Leather Buying Guide and Glossary
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Guide to Leather Furniture by Flexsteel:
This guide to leather furniture is filled with useful information and photos about the kinds of leather used in furniture.
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Leather Terms and Vocabulary:
Leather that has been dyed only with transparent aniline dyes; no opaque coatings have been added. The finest, full top-grain hides are aniline dyed.
Artificially aging a hide’s appearance. Usually hand-done; best suited for fullgrain leather.
The top surface has been removed from this leather by abrasion Leather from which. Also known as nubuck or suede.
The mechanical process, before coloration, that minimizes the scars and scratches on a hide.
Corrected Grain Leather
Leather that has an artificial grain embossed onto it after the natural range marks have been buffed out.
In upholstery terms, the entire hide of a bovine–about 45-55 square feet.
This is the process of removing the excess coloring, called the "crock," that rubs off of a newly-dyed hide.
This leather has been tanned but not colored or otherwise finished. Tanned leather is called nonperishable.
Also called antiqued leather.
Also known as vat dyeing. Assures full dye penetration; hides are immersed in dye and tumbled in a steel drum.
A smokey, marbled, two-tone look that adds surface interest and dimension.
Permanent, artificial, grain patterns added through heat and pressure to corrected grain hides.
Marks in leather grain caused by natural fat deposits. These marks are usually not seen in corrected grain leather.
During this process, oils are replaced oils that leached from the hide during processing.
Enhancements applied leather after the tanning process. Examples: waxing, waterproofing, dyeing, embossing, buffing and antiquing.
These leathers get their color from dyes. They may also receive water repellants, topical stains and/or waxes.
Hides that have a natural grain pattern and that have not been mechanically altered. All aniline leather comes from full-grain hides.
Also called top-coating. The application of protective, transparent resins to the leather, resulting in a high-gloss or matte finish.
The natural pattern of pores and wrinkles on a hide.
An industry term for the feel of leather. For example, "The hand of this pure aniline leather is excellent–very soft."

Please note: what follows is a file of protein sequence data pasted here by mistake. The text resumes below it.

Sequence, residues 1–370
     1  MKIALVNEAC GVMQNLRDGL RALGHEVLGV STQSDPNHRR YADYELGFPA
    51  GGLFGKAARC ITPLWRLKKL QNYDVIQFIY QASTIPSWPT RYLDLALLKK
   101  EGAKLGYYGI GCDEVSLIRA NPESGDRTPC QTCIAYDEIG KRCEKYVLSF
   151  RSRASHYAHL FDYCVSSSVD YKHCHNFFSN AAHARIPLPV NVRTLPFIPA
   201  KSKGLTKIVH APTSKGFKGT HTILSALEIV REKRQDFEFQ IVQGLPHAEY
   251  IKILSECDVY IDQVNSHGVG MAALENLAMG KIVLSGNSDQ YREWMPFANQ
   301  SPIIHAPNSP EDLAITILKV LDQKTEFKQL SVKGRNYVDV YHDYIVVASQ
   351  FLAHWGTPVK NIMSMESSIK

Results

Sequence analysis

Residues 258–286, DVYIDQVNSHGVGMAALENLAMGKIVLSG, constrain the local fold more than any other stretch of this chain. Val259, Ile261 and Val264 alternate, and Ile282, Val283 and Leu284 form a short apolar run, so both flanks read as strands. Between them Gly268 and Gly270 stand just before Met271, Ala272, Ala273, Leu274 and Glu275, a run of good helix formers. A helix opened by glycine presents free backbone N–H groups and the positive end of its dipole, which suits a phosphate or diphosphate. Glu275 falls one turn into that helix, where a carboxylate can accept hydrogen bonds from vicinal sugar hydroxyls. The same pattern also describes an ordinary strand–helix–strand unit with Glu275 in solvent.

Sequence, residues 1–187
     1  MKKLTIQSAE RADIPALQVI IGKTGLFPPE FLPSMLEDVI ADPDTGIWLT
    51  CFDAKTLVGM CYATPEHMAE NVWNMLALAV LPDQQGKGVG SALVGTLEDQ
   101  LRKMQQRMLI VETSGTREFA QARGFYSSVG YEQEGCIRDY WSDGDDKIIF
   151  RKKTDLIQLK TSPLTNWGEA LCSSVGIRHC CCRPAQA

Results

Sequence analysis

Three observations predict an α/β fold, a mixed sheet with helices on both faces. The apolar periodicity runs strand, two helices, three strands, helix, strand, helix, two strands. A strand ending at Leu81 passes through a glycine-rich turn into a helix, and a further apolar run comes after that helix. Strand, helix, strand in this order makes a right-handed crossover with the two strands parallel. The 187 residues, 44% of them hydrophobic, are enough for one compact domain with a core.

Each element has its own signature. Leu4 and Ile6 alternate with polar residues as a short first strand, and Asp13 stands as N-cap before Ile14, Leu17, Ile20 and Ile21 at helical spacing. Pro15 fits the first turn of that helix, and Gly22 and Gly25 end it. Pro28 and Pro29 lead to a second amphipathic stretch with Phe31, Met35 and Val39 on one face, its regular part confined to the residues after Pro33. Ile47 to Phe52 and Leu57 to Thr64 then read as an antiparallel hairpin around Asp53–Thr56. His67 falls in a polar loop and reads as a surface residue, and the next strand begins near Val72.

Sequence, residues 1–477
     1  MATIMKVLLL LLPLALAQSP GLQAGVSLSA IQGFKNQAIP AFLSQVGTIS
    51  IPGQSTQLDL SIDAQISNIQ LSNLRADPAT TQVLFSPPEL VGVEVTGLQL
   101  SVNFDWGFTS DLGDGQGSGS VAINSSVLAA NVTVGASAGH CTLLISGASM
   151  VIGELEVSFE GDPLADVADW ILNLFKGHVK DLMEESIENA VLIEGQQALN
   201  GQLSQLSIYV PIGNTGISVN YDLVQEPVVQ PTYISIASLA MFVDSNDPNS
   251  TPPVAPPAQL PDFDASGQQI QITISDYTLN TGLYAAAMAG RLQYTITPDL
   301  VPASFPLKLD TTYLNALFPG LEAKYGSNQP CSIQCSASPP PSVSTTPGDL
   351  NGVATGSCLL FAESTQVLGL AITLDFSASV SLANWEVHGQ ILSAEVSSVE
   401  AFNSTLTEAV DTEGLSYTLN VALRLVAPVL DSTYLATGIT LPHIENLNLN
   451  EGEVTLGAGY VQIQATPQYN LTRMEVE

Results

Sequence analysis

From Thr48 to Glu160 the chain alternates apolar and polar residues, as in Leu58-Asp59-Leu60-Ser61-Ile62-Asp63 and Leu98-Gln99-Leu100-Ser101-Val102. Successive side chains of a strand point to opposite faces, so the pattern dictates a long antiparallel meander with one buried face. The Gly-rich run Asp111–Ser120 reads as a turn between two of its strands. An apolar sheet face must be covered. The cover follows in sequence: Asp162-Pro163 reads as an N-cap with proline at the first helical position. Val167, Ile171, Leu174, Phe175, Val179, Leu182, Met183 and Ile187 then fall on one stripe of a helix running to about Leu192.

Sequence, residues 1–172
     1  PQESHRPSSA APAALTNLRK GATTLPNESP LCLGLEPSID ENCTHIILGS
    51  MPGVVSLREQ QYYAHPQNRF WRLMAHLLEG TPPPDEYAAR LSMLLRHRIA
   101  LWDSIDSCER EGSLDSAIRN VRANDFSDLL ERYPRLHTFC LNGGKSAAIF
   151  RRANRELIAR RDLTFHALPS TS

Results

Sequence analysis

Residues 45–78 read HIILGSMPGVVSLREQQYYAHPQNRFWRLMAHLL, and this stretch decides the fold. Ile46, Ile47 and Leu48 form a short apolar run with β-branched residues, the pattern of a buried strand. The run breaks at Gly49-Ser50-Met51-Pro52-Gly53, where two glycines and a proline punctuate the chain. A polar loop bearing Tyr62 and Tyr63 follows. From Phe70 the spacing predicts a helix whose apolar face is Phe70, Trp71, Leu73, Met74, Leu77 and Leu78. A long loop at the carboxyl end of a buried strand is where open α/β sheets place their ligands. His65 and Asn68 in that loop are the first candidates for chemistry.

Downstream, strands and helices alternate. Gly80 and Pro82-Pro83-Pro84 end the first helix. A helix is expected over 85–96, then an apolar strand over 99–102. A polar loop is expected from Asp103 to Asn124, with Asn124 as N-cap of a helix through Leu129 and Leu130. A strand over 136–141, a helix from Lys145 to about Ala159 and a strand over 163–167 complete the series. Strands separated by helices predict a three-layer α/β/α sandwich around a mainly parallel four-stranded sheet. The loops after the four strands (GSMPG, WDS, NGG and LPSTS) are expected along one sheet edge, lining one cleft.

Materials crafted to resemble genuine leather. The majority are plastic-coated fabrics or rubber.
A mechanical process that adds a sauvagé look during the finishing stage. A relief roller creates a marbled look and enhances the finish’s character.
During this process, chemicals are used to remove hair from a raw hide.
Massaging of hides, through tumbling to ensure softness.
A term that describes the fuzzy, soft effect achieved by buffing or brushing.
A leather that still displays its original, or "natural" grain.
Leather which is lightly buffed after dyeing (usually aniline dye) to produce a suede-like nap. Generally it features a moisture repellent. Should be brushed regularly to maintain nap.
These leather are tanned using oils that create a very pliable, soft finish.
The luster or shine that develops on leather surfaces with time and use.
Colorings and coatings to the leather to cover imperfections, resulting in wear and fade-resistant hides.
This process is used to mask imperfections in leather. It is achieved by pressing leather under a heated plate.
The finest leather hides available, exhibiting few imperfections. About five percent of all hides are premium select quality.
Considered a mark of high quality. "Pull-Up" describes leather that has been treated with waxes, oils or dyes. The result is that when the leather is pulled or stretched the finish lightens in the stretched areas.
A second finish added over an underlying tannage.
Adding depth to a hide’s finish, this marbled appearance comes from blending similar colors during the dyeing process.
Hides that have been dyed throughout and have a surface finish applied. These leathers offer both a soft hand and protective benefits.
A full, natural-grain leather which is shrunken to enlarge and enhance the grain of the leather.
The under layers of leather, generally finished as suede, or embossed with corrected grain for use on secondary surfaces of upholstered furniture.
A kind of split leather that has been brushed and buffed. The process creates a fuzzy surface. Normally used on the backs or sides and of low-end furniture.
The process of converting a raw hide into a stable, non-perishable state.
Synthetic transparent resins applied as a protective coating producing either a high gloss or a matte finish.
The uppermost layer of a hide. This is the highest quality part of a hide, applicable for fine upholstery leather.
A mechanical process that softens the texture and enhances the grain of hides. Hides are tumbled in drums for several hours.
An effect created by applying layers of similar or contrasting dyes to a piece of leather in order to create a mottled or aged appearance. Antiqued and Sauvaged leathers are examples of two-tone leathers.
Leather created from a whole hide and intended for use in furniture, automobiles, airplanes, and other upholstery applications.
Vegetable tanned leather has greater body and firmness than traditionally-tanned leather. A method of hide tanning which utilizes materials from organic materials such as bark instead of the traditional chemicals.
A term which describes the heaviness or thickness of leather. Typically given in ounces per square foot or millimeters (thickness).